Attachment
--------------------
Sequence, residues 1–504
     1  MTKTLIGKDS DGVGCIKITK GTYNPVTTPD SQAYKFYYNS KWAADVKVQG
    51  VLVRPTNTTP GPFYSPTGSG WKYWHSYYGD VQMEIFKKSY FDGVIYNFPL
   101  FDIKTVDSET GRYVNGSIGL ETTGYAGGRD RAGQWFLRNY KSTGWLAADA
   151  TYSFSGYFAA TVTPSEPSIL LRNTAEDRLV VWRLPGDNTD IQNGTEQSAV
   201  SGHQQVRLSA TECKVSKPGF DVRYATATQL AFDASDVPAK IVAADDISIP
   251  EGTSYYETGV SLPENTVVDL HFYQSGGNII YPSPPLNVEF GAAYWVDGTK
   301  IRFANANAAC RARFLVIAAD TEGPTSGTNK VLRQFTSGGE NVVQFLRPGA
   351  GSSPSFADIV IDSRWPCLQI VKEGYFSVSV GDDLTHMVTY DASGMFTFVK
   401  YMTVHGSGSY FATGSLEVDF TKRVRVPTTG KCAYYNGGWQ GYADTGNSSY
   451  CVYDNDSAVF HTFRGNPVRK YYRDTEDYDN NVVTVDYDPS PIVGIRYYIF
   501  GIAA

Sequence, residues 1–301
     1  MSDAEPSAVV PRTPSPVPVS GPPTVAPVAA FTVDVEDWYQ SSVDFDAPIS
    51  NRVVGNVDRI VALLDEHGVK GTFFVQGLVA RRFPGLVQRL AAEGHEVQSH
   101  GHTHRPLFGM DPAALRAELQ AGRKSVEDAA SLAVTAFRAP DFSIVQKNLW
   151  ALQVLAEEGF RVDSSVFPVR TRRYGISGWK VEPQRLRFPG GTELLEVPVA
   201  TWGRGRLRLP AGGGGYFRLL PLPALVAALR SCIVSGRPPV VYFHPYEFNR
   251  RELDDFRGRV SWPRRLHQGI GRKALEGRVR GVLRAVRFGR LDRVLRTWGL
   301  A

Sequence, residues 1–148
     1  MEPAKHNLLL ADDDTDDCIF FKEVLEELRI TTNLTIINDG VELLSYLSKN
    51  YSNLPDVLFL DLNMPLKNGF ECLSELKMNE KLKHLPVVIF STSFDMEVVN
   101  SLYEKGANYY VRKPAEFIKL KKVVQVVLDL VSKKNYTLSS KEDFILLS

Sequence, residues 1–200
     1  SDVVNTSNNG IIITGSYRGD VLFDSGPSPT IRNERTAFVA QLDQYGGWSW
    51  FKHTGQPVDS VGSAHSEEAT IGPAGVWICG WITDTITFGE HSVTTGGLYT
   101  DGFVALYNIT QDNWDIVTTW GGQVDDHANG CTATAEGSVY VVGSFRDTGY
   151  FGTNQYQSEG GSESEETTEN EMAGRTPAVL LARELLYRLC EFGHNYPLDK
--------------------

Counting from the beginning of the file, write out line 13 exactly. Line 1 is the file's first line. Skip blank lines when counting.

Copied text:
Sequence, residues 1–301